Getting into the business
I often get asked a question around this time of the year. I’m not sure why it normally happens as the new year approaches, but maybe it has to do with people evaluating the previous 12 months and setting goals for the year to come.
The questions is in reference to real estate investing, and it usually goes like this: “What do I have to do to get into the business?”
Now, that question may seem straight-forward, but it’s actually multifaceted, and I’m never sure how to answer. You see, there are lots of things you need to do to become a real estate investor. And if you’re like Ashley and me — we burned the boats of our income sources and went all in on real estate investing to either prevail or perish — you need to do the “lots of things” simultaneously. So, today, I want to tell you the things I think are important and why.
Now, you may be surprised to find out that applying for a loan and forming an LLC are not on my list of to dos to get started. The reason is until you actually have a deal, you don’t need money. And you don’t need an LLC for asset protection if you have no houses. And contrary to popular belief, having an LLC does not make you more credible in the eyes of a seller. So don’t waste time trying to start there.
Instead, there are three things you need to focus on: identify what type of investing you are going to pursue, get good training and, most importantly, go meet with sellers. Let’s talk about the first thing.
I am reminded of a scene in the Alice in Wonderland cartoon I watched as a kid where Alice walks up to a tree with lots of road signs on it. It is then the Cheshire Cat appears. Alice politely asks him which way she ought to go, and the cat responds with, “Well, that depends on where you want to get to.” Alice says it doesn’t really matter and begins to expound on something, but the cat interrupts her and says, “Then it really doesn’t matter which way you go.”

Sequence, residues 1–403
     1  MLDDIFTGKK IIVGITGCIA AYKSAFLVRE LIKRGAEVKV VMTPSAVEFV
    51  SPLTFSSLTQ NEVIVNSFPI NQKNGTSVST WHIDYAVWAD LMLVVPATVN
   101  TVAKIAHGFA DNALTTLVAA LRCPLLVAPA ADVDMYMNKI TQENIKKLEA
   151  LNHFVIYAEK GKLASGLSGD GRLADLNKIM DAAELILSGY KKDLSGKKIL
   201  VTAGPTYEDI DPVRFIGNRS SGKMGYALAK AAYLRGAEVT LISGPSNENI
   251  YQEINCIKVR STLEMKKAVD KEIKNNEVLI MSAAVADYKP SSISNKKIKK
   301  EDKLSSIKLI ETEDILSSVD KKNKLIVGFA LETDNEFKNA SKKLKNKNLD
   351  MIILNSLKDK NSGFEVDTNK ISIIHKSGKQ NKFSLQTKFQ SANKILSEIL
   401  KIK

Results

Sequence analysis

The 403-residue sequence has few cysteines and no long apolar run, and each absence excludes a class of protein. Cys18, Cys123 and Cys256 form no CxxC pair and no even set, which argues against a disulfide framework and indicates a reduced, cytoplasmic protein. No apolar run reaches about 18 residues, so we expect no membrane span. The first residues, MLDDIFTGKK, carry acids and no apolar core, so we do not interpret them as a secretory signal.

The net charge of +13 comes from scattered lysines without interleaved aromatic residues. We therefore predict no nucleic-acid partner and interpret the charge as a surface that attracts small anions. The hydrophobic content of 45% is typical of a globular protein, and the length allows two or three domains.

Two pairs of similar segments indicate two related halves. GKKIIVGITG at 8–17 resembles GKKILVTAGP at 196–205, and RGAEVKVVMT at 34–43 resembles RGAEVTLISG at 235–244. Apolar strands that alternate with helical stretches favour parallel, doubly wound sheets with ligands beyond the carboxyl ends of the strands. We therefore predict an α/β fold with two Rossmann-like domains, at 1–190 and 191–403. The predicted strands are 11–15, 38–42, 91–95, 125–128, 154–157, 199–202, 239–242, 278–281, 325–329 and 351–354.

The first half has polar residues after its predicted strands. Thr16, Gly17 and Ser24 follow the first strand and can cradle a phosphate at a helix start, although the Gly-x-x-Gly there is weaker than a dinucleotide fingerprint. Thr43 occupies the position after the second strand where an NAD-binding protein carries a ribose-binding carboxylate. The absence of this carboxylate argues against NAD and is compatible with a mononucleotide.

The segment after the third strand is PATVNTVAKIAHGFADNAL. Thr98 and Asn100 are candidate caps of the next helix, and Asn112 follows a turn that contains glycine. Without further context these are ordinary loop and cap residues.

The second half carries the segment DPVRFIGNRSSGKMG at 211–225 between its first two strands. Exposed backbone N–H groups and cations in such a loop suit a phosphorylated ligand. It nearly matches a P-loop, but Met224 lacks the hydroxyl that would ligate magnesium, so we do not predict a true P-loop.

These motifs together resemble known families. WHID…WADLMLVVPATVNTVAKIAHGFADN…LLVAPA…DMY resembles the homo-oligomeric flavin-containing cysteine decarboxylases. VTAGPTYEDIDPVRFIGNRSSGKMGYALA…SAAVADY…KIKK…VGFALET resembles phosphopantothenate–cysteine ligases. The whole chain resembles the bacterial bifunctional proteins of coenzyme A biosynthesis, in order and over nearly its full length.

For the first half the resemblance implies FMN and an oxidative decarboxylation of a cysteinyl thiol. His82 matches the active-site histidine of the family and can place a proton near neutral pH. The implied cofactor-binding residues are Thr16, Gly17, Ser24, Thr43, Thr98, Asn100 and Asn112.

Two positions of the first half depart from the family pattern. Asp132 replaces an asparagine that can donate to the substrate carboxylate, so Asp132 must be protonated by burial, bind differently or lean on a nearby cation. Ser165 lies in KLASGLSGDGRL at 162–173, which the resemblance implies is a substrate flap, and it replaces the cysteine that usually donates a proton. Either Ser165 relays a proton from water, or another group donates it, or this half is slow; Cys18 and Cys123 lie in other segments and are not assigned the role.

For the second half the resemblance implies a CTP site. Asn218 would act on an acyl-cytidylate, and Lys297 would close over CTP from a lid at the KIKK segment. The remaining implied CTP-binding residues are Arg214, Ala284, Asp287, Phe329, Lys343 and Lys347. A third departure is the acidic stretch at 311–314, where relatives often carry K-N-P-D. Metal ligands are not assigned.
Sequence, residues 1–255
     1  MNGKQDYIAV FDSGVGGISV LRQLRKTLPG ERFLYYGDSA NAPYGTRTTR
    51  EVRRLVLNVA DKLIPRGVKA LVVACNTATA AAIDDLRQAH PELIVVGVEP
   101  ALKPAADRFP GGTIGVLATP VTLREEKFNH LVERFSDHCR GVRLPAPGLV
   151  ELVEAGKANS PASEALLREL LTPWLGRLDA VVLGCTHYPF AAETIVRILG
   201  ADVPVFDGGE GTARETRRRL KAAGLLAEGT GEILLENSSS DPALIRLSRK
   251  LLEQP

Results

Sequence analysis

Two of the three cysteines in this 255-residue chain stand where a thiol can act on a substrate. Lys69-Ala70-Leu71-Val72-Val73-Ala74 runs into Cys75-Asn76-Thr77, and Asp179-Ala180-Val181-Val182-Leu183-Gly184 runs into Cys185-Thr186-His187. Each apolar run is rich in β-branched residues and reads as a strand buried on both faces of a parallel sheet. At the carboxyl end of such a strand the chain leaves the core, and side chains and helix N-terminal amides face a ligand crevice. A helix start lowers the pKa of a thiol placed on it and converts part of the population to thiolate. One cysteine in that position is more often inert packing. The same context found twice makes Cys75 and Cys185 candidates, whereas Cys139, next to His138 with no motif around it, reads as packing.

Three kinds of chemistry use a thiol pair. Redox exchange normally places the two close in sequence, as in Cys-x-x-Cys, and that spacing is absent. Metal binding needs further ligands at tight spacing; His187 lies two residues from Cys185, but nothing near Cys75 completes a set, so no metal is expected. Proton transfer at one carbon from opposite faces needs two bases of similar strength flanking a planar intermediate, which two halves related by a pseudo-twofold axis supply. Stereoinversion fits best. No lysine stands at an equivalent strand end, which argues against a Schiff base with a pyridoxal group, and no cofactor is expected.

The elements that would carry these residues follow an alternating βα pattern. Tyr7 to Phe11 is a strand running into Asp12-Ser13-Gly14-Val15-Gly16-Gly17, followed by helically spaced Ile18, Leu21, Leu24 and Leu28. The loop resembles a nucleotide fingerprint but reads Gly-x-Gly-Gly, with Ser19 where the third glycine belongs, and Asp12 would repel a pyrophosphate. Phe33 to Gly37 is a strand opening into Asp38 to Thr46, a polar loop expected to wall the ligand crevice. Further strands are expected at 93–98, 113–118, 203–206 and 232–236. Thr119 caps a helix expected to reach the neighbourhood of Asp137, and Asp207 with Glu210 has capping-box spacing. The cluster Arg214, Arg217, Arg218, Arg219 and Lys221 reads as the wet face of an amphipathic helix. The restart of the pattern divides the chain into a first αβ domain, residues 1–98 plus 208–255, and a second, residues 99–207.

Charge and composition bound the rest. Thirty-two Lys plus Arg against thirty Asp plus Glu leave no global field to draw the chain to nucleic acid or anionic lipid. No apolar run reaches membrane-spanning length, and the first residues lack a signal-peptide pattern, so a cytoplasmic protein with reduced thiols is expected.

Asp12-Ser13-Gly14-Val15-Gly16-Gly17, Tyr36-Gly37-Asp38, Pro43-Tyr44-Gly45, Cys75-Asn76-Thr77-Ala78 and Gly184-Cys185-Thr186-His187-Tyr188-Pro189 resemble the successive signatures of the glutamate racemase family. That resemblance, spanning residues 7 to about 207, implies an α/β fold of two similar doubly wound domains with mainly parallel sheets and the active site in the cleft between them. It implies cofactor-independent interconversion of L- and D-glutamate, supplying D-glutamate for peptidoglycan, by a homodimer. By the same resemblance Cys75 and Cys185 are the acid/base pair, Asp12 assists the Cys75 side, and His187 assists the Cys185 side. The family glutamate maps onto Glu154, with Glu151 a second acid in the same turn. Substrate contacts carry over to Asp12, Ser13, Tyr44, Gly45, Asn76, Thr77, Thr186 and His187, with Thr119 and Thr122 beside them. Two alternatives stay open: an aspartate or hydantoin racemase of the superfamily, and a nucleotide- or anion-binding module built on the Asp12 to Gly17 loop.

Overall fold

The Cheshire cat was right. You first have to decide where you want to go in real estate investing before you can decide what to do next. And to decide this, you will need to do some research and see what type of real estate investing fits your needs and gets you excited. After that, you need training.
So where should you look to find training?
The first place is at your local Real Estate Investor Association, or REIA. There, you will meet real people who are actively doing deals in a market close to you. This is a great resource, especially if you have no idea where to start. You can go there and interview people who are doing different types of deals, where they learned to do it, and if you haven’t already decided on an investing path, this information can help you. The closest ones to our area are North Metro REIA in Marietta, and Chattanooga REIA. (You will need to search them out to see when they meet.)
Another cool thing about REIAs is that they bring teachers to town to promote seminars. Those teachers will give great information in a presentation during the meeting, and you can decide if you want to take their course. (Private money lenders also frequent REIA’s as well, so, these are places where you can find funds to do a deal.)
But don’t get caught in the quicksand with this. I have met people who became professional investing seminar takers who, had gobs of information, but never put their training into practice. Essential, they went to class after class, but never did a deal.
With that in mind, the most important thing you can do to get into real estate investing is to go meet with a seller and make a written offer. All the stuff I mentioned above does not get you into real estate investing. Doing a deal is what gets you there.
So, go meet with a seller. Ask lots of questions like Peter Fortunato’s famous question: “Why are you selling such a nice house as this?” and then make them a written offer. And this is what you’ve got to do to get into the business.
Joe and Ashley English buy houses and mobile homes in Northwest Georgia. For more information or to ask a question, go to www.cashflowwithjoe.com or call Joe at 678-986-6813.